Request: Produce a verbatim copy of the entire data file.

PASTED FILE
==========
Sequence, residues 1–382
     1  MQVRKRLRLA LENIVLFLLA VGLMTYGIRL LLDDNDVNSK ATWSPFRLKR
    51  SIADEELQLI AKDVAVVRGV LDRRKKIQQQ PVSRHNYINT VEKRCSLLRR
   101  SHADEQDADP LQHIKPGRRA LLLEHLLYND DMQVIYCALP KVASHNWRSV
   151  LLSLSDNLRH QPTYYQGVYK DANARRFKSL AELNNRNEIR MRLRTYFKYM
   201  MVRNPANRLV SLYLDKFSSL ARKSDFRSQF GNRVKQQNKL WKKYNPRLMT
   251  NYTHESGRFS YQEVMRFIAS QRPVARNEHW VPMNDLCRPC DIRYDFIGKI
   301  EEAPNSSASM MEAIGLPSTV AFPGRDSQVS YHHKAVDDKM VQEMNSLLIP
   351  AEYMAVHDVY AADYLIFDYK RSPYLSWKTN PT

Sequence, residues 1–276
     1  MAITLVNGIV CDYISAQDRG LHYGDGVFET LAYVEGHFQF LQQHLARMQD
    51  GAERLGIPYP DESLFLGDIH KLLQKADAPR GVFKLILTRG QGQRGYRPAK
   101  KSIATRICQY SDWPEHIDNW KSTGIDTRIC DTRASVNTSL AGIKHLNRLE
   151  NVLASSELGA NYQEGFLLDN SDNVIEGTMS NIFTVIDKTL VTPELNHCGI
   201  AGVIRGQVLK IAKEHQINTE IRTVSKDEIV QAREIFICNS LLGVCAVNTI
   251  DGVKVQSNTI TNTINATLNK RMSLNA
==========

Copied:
Sequence, residues 1–382
     1  MQVRKRLRLA LENIVLFLLA VGLMTYGIRL LLDDNDVNSK ATWSPFRLKR
    51  SIADEELQLI AKDVAVVRGV LDRRKKIQQQ PVSRHNYINT VEKRCSLLRR
   101  SHADEQDADP LQHIKPGRRA LLLEHLLYND DMQVIYCALP KVASHNWRSV
   151  LLSLSDNLRH QPTYYQGVYK DANARRFKSL AELNNRNEIR MRLRTYFKYM
   201  MVRNPANRLV SLYLDKFSSL ARKSDFRSQF GNRVKQQNKL WKKYNPRLMT
   251  NYTHESGRFS YQEVMRFIAS QRPVARNEHW VPMNDLCRPC DIRYDFIGKI
   301  EEAPNSSASM MEAIGLPSTV AFPGRDSQVS YHHKAVDDKM VQEMNSLLIP
   351  AEYMAVHDVY AADYLIFDYK RSPYLSWKTN PT

Sequence, residues 1–276
     1  MAITLVNGIV CDYISAQDRG LHYGDGVFET LAYVEGHFQF LQQHLARMQD
    51  GAERLGIPYP DESLFLGDIH KLLQKADAPR GVFKLILTRG QGQRGYRPAK
   101  KSIATRICQY SDWPEHIDNW KSTGIDTRIC DTRASVNTSL AGIKHLNRLE
   151  NVLASSELGA NYQEGFLLDN SDNVIEGTMS NIFTVIDKTL VTPELNHCGI
   201  AGVIRGQVLK IAKEHQINTE IRTVSKDEIV QAREIFICNS LLGVCAVNTI
   251  DGVKVQSNTI TNTINATLNK RMSLNA